September 4, 2013

Criminal Defense Lawyer | DWI, Drug, Theft & Assault Charges

By Collin County Criminal Defense Lawyer Jeremy Rosenthal

www.thecollincountylawyer.com

(972) 369-0577

Possibly, but it mainly depends on the prosecutor.

A criminal assault or family violence charge in Texas is a proceeding between the State of Texas and the accused.  The accuser is mainly treated as a witness.  The decision to prosecute is squarely on the prosecuting attorney.

This is typically a policy driven area with prosecutors.  District and County Attorneys are elected officials in Texas and none want to look weak on this sort of matter.

Affidavits of Non-Prosecution

Many criminal defense attorneys or prosecutors ask that alleged victims that wish to drop charges fill out an “affidavit of non-prosecution.”  That is a statement under oath which gives the alleged victims reasons for not wanting to prosecute.  An affidavit of non-prosecution does not bind the prosecutor or the judge to dismiss the case.

If the accuser is considering filing an…

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There’s No Such Thing as a Minor Family Assault Charge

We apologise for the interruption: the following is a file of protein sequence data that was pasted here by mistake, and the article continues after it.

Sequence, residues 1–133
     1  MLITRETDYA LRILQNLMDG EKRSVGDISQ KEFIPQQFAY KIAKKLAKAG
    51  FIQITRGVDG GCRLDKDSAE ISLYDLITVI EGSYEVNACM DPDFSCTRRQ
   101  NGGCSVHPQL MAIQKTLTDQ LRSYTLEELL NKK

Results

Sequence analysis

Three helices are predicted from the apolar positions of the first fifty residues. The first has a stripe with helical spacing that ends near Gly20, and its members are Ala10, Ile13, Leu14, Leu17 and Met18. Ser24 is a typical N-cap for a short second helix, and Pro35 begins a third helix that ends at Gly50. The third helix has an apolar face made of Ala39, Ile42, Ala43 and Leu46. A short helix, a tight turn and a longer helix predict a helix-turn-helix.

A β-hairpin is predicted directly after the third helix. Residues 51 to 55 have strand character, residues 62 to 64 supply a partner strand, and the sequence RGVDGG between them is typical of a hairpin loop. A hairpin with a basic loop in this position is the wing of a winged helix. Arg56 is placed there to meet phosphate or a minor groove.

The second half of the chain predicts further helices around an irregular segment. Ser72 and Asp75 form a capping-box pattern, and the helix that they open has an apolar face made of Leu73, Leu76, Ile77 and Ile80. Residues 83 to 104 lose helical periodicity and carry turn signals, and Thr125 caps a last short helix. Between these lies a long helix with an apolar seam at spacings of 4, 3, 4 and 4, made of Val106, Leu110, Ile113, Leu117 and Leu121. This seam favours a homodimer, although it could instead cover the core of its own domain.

September 3, 2013

Criminal Defense Lawyer | DWI, Drug, Theft & Assault Charges

By Collin County Criminal Defense Lawyer Jeremy Rosenthal

www.thecollincountylawyer.com

(972) 369-0577

Domestic or family violence charges in Texas range from class c misdemeanors (the same level as a minor traffic offense), to felonies in other circumstances.  The fact that some are charged as class c’s doesn’t diminish their importance and can act as a trap door.

A class c assault occurs where there is unwelcome offensive or provocative contact.  The state does not need to prove the victim suffered any pain or discomfort whatsoever.  They appear deceptively insignificant because they can be charged in smaller municipal courts and before justices of the peace where the rules are less formal and far fewer people have lawyers.

In class c domestic violence cases, the prosecution may try and add a small enhancement paragraph to the charge known as “an affirmative finding of family violence” under Texas Code of Criminal Procedure 42.013 and…